The Fire Monitoring Puzzle
20 July 2021
AFTER MUCH discussion and debate in Westminster, the Fire Safety Bill finally received Royal Assent in April this year and has passed into law as the Fire Safety Act 2021, writes Brian Kelly. What part might remote fire systems monitoring play from this point onwards?
Initially driven by the Grenfell Tower disaster of June 2017, the new Act of Parliament closes loopholes in the previous legislation, mainly around whether fire safety legislation only applied to the common parts of multi-occupied residential buildings, but not entrance doors to individual flats that open into common parts or the structure and external walls, including cladding, balconies and windows.
It also focuses on the ‘Responsible Person’ role: the named individual tasked with assessing and mitigating the fire safety risk associated with those parts of the building. Where it’s found that the building owner is not compliant, Fire and Rescue Services will be tasked with initiating enforcement action and holding such individuals to account.
For its part, the Building Safety Bill – itself just introduced to Parliament – will also increase responsibility and accountability. Among other measures, the new public office of Building Safety Regulator is being created to provide oversight of the competence and performance of building control professionals.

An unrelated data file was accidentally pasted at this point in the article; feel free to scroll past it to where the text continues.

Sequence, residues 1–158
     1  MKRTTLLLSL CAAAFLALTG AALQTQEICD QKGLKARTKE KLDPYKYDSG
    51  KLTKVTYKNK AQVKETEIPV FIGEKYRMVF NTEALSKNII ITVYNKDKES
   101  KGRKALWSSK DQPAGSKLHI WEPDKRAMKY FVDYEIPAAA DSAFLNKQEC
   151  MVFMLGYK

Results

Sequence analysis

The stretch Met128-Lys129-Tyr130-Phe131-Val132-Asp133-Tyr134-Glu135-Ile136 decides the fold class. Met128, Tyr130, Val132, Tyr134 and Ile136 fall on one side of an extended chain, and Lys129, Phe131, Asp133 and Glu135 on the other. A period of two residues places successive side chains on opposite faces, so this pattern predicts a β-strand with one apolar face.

While all the fine details of the new technical and construction requirements are yet to be finalised, one way to make buildings safer immediately is through remote monitoring. Fire alarm monitoring is not as widely employed as, for example, intruder alarm monitoring because it’s generally expected that occupiers will be alerted by the sounder.
Remote fire monitoring is ideal for retail and commercial properties. Most are usually unoccupied while closed, but it also provides another layer of protection for student and housing association properties as well as in other situations where there could be a delay before someone on site raises the alarm.
Given the cost of the investment in a modern fire detection system, the addition of remote monitoring represents a relatively modest outlay when life preservation and damage control are taken into account. Valuable data about the fire, such as its precise location and pattern of spread, can assist the Emergency Services in directing their efforts before arrival.
Secure multi-path communication systems provide a stable method for signalling, while Alarm Receiving Centre escalation processes mean that verification and, where appropriate, a fire service response can be delivered both quickly and effectively.
While a fire detection system will not prevent a fire from starting, the risk pose to life and any potential damage to property can be minimised if the activation is communicated directly to a monitoring Control Room. Remote CCTV, where available, can also provide a useful verification tool.
The number of systems which are now monitored has grown in recent times. This is a trend which is only likely to continue as the new fire safety legislation imposes increasing responsibility on site owners and managers alike.
Brian Kelly is Managing Director of Bold Communications
*Further information is available online at www.boldcommunications.co.uk